[In part one of this blog post I talked about backup and global deduplication for backup appliances.  In this section I’m going to offer an alternative way to think about the problem.]

Most folks who are interested in backup have heard about the various forms of deduplication – but it’s less frequent that they’ve heard of NoSQL or sharding.  In this post, I’m going to tie these concepts together.

Back when the Internet was getting going, companies like Google and YouTube and Facebook and others faced a pretty significant issue.  They wanted to be able to scale to millions and billions of users.  But the old way of handling data – in a large SQL database – had run out of steam.  Thus these companies implemented what is called generically NoSQL and sharding architectures.  NoSQL simply means that a database doesn’t use the SQL query language, which frees the database implementation from having to support table schemas, joins, ACID (atomicity, consistency, isolation, and durability) – all the things that are the reason people pay big bucks for Oracle and other databases.  Instead, NoSQL databases are designed to be much more inherently scalable than big SQL-based databases.

Sharding is a technique where the row of a database are separated across multiple computers instead of being split by column (i.e., all that stuff associated with SQL database normalization and vertical partitioning.)  A shard is a partition of data.

So what in the heck does this have to do with backup and global deduplication?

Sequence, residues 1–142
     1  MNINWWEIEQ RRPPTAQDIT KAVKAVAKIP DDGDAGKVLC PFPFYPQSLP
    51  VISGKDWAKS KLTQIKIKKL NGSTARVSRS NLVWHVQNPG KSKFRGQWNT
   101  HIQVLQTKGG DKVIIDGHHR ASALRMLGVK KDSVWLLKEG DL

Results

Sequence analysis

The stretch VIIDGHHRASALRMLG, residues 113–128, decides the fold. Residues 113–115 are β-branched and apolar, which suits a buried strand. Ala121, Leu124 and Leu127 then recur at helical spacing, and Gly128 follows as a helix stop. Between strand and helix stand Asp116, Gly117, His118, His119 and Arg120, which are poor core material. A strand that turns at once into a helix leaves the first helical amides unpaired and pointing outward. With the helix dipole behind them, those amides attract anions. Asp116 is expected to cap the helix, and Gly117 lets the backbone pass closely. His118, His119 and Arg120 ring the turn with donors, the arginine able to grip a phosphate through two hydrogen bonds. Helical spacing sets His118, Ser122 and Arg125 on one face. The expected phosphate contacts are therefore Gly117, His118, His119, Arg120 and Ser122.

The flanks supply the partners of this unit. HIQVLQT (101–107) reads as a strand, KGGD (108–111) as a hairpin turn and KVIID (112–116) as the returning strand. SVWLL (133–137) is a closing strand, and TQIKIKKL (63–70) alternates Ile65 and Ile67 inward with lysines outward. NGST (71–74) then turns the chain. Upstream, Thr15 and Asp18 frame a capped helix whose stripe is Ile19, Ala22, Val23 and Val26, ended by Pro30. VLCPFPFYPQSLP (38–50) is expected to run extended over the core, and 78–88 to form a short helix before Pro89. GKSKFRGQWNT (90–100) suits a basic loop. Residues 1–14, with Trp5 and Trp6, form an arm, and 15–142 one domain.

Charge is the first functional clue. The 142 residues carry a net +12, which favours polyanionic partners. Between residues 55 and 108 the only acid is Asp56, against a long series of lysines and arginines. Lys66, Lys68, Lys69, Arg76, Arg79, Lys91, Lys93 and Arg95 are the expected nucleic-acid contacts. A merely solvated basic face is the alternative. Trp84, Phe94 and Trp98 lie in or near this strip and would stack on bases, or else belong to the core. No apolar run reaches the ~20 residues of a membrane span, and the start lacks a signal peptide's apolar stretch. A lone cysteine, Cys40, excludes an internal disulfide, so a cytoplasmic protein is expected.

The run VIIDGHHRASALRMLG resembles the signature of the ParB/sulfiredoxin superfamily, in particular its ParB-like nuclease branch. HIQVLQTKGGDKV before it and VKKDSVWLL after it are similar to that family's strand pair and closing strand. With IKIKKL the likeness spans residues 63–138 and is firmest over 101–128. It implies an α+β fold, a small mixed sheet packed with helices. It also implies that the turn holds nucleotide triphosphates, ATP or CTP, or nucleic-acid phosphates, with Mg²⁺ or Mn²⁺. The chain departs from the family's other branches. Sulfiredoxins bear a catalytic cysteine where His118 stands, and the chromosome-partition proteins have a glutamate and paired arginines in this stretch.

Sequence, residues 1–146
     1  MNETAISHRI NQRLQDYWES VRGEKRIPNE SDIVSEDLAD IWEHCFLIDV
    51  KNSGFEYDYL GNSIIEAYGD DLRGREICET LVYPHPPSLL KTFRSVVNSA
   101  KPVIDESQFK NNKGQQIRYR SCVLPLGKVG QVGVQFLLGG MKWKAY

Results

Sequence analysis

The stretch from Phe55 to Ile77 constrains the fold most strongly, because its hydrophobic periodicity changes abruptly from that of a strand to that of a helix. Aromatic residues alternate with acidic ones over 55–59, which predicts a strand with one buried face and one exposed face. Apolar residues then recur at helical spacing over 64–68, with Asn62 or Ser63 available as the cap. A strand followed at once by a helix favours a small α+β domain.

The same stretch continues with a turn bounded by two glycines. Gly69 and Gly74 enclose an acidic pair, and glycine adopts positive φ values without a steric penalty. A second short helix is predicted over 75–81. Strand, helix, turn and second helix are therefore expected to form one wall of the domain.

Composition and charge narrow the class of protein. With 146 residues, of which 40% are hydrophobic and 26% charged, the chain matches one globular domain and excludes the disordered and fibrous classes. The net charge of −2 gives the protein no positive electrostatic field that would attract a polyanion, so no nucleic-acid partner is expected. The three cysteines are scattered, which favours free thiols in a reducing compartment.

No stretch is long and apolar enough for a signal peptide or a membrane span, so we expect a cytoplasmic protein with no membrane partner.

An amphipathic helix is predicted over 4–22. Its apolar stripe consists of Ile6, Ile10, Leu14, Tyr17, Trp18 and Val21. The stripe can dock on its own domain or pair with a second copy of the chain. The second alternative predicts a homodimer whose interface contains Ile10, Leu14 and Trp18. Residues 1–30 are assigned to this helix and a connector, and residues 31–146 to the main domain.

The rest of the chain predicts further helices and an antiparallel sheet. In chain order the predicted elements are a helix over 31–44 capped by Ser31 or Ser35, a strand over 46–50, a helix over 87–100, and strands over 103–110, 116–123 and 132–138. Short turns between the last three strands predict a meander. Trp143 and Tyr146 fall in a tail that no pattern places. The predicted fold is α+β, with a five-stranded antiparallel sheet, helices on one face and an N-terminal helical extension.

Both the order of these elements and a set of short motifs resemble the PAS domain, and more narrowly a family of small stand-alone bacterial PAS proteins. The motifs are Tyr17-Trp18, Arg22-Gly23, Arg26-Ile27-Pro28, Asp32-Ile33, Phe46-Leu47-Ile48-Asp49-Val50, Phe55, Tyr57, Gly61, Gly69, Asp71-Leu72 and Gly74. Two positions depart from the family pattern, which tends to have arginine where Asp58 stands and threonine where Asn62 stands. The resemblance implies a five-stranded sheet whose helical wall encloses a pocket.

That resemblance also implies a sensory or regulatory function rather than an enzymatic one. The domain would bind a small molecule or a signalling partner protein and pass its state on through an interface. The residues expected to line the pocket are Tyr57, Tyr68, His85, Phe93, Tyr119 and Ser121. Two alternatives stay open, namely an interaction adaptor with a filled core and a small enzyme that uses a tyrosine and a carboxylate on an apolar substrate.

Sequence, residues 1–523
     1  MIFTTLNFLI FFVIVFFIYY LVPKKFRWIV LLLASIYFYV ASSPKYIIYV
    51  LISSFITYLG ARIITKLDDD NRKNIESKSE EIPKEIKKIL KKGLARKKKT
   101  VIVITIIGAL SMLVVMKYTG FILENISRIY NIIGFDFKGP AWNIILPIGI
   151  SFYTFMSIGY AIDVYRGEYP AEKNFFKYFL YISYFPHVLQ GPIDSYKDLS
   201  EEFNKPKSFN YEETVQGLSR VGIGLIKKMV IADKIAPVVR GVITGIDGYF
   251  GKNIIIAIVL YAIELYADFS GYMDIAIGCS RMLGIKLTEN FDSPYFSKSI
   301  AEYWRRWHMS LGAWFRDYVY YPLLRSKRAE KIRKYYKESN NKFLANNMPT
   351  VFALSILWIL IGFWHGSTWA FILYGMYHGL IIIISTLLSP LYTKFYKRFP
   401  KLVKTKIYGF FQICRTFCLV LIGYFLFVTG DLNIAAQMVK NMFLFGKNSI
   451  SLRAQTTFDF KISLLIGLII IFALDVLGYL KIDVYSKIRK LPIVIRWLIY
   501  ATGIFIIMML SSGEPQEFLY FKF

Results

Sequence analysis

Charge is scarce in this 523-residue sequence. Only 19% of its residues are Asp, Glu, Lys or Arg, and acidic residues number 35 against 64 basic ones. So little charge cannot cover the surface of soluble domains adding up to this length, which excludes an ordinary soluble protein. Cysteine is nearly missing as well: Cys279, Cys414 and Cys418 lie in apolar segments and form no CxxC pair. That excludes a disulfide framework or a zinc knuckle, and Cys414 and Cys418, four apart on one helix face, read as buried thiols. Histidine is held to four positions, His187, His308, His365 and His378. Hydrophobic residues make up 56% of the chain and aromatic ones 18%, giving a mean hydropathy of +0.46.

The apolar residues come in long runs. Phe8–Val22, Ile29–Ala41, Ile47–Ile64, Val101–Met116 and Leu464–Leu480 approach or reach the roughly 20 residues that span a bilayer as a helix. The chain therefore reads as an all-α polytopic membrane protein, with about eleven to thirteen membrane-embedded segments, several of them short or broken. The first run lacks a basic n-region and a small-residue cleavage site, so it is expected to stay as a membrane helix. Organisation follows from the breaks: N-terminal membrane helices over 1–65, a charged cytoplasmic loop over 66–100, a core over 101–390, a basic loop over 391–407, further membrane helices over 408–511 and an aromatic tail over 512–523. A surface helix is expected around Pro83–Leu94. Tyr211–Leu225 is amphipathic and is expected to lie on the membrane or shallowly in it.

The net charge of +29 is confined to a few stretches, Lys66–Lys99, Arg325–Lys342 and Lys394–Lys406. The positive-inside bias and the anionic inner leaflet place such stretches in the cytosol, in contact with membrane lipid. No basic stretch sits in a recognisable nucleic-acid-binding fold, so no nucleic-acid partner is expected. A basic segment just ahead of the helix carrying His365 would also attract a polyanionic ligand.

Real backup appliances are architecturally similar to NoSQL and sharding.  Rather than have a single backup server and backup software, or even a collection of backup servers/software – which talk to a single monolithic pool of backup storage – backup appliances that may be monitored and more importantly managed as one allow all aspects of the backup to be parallelized.  In essence, where sharding disassociates data across multiple computers for tremendously higher performance, backup appliances allow the dissassociation of backup storage so that the backup software, backup server, and backup storage are all part of a single entity.  By coupling the backup software, backup server, and backup storage together you tend to get much higher performance at an insanely lower cost – because it’s a simpler architecture that just inherently scales better across data.

If you were to logically conflate the pools of data across real backup appliances (note backup storage devices, but appliances that do all phases of backup), then you’d lose that advantage – and move to a more complex and more costly architecture.

This is a LOT more complicated than my normal modern backup post – but I thought folks might be interested in understanding some of the deeper technology underlying what we do.  Please let me know your thoughts on this as well!


  1. Great article! We are using mongodb and will roll to production in two months. We looked at MMS for backups and decided not to use it due to proportional scaling/cost requirements.

    I was looking for alternative solutions to consider and came agross your article and have a couple questions:

    What backup software (preferable opensource), and backup appliance can you suggest I look at/consider? Do you have any architectural diagrams that I can reference for how the setup would look like for a primary site and a disaster site (both sites are seperate geographic locations)?

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